In addition to the running workouts that can help you build endurance to run longer distances, interval training to run faster speeds, weight training to build muscle and power, working on your stride and running form, etc., it is also important to support your overall wellness with nutrition, sleep, and recovery modalities.

Particularly in the case of running longer distances for half marathon and marathon training and racing, you need to work on your fueling strategy before running and during your workouts.

To prevent glycogen depletion, you need to be eating enough carbohydrates in a pre-workout snack and taking in some form of carbs during long-distance running workouts that exceed 90 minutes or so.

Post-workout nutrition is also important for distance runners because it helps ensure that your body has ample calories, carbohydrates, and protein to replenish glycogen storage and repair muscle damage.

A person hydrating.

A well-balanced diet throughout the day will also support your overall health and energy and recovery needs. 

Hydration is also important, particularly for distance runners who are either training in the heat or doing longer workouts. 

Dehydration decreases running performance, increases heart rate, and increases the rate of perceived exertion (RPE). 

Additionally, getting enough sleep at night will help ensure that you are well rested and well recovered after speed workouts, high-intensity interval training, long distance runs, tempo runs, cross-training, etc.

How to Run Faster and Longer: training Program Elements

Here are some top training tips for how to run faster and longer:

Two people running speed workouts to run faster.

#1: Speed Workouts

Speed work, also called speed training, includes a variety of workouts found on training schedules that help you become a faster runner.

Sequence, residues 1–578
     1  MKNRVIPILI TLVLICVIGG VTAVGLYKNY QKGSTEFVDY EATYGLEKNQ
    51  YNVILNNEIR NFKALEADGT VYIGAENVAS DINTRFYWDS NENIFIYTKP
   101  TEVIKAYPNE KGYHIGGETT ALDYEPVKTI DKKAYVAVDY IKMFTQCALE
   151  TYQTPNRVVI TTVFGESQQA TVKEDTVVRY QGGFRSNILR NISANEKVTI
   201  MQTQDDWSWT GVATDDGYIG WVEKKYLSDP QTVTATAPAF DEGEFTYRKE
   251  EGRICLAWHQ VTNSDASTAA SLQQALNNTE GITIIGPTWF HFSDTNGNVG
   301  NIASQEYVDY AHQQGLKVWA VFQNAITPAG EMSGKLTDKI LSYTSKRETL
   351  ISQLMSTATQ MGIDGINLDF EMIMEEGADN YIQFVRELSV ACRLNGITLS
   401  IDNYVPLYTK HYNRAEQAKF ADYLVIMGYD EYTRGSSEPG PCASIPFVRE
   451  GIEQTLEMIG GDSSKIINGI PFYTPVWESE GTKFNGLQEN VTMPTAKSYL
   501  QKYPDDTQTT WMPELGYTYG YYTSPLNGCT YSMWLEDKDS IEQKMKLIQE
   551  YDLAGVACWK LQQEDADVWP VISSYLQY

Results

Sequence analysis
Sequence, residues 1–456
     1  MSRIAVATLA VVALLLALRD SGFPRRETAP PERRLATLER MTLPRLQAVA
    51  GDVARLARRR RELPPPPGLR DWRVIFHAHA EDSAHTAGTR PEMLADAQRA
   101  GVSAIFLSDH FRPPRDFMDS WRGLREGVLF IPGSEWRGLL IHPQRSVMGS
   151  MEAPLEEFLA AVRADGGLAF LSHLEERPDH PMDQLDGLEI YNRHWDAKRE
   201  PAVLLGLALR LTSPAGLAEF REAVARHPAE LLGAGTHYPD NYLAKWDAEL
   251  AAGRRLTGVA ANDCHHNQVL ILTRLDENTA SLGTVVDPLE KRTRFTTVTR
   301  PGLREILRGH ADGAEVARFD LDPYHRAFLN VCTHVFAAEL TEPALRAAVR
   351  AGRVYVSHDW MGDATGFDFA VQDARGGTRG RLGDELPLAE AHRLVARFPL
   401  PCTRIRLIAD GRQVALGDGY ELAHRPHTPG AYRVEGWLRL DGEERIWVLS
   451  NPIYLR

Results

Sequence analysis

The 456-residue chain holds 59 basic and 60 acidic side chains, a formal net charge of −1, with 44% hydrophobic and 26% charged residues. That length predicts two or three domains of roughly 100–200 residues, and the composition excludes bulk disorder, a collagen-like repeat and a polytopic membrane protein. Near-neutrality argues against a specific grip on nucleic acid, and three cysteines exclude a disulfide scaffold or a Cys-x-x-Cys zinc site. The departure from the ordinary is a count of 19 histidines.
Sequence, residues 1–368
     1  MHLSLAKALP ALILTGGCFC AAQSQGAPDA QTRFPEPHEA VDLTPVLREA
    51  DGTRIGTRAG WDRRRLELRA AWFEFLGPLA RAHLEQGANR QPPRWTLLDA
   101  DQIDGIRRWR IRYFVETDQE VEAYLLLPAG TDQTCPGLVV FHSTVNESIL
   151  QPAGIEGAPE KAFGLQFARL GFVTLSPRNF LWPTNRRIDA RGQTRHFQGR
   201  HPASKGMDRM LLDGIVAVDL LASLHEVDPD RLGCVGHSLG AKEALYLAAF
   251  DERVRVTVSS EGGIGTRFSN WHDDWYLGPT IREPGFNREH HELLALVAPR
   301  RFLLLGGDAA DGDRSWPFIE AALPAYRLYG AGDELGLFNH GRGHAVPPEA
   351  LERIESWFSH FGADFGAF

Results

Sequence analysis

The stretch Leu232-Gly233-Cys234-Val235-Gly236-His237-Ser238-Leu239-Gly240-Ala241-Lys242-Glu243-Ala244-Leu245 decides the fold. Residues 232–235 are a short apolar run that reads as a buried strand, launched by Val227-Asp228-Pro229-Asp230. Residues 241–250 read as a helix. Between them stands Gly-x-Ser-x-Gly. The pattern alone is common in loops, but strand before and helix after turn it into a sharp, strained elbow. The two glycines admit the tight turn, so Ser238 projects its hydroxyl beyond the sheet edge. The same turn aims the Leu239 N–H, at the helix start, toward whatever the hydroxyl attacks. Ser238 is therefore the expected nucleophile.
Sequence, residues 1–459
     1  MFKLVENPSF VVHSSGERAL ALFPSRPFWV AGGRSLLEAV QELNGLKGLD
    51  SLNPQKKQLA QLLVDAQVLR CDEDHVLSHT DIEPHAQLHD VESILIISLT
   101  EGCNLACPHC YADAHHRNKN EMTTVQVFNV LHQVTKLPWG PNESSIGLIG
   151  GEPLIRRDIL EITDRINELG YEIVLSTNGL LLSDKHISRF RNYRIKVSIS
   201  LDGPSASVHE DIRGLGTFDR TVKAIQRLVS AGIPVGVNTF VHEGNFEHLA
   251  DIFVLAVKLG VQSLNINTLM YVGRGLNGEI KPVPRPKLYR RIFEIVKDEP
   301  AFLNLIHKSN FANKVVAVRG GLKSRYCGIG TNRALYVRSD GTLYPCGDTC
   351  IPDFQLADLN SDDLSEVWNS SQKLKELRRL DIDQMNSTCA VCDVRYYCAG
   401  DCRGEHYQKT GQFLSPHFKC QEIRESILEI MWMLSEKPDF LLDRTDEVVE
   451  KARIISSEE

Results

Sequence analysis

Interval Training

Interval workouts involve running for a specific distance or time and pace.

An example of a speed workout to help you run faster for a 5k is 12 x 400 meters at goal pace with 100 meter recovery after each. To run faster for a marathon, you might do 8 x 1 mile at half marathon pace.

Interval workouts are often run on the track, but this is not a necessity. For example, if you are training for cross country, you might do VO2 max intervals such as 4×4 minutes on grass or off-road terrain.

Fartlek Workouts

“Fartlek” is a Swedish word for “speed play.” Fartlek workouts bursts where you run fast followed by resuming your easy run pace. 

Fartlek training is less structured than speed training on a track because you can choose landmarks (such as light posts) to determine when you will run fast and when you will slow back down. 

Because you don’t stop running between intervals of fast running, this type of speed work also improves aerobic endurance.2Kumar, P. (2015). Effect of fartlek training for developing endurance ability among athletes. ~ 291 ~ International Journal of Physical Education, Sports and Health2(2), 291–293. https://www.kheljournal.com/archives/2015/vol2issue2/PartE/3-3-75-957.pdf

A group of runners doing hill sprints.

Strides

Strides are typically run at the end of a workout. They may be anywhere from 30-150 meters or so, and should be run at a sprinting speed.3Koral, J., Oranchuk, D. J., Herrera, R., & Millet, G. Y. (2017). Six Sessions of Sprint Interval Training improves running performance in trained athletes. Journal of Strength and Conditioning Research32(3), 1. https://doi.org/10.1519/jsc.0000000000002286

Strides can help you run faster by increasing your turnover or cadence. 

Your running pace is a product of your stride length and your stride rate.

Therefore, if you can improve your stride rate, particularly while maintaining your stride length, you will be able to run at faster speeds.

Hill Sprints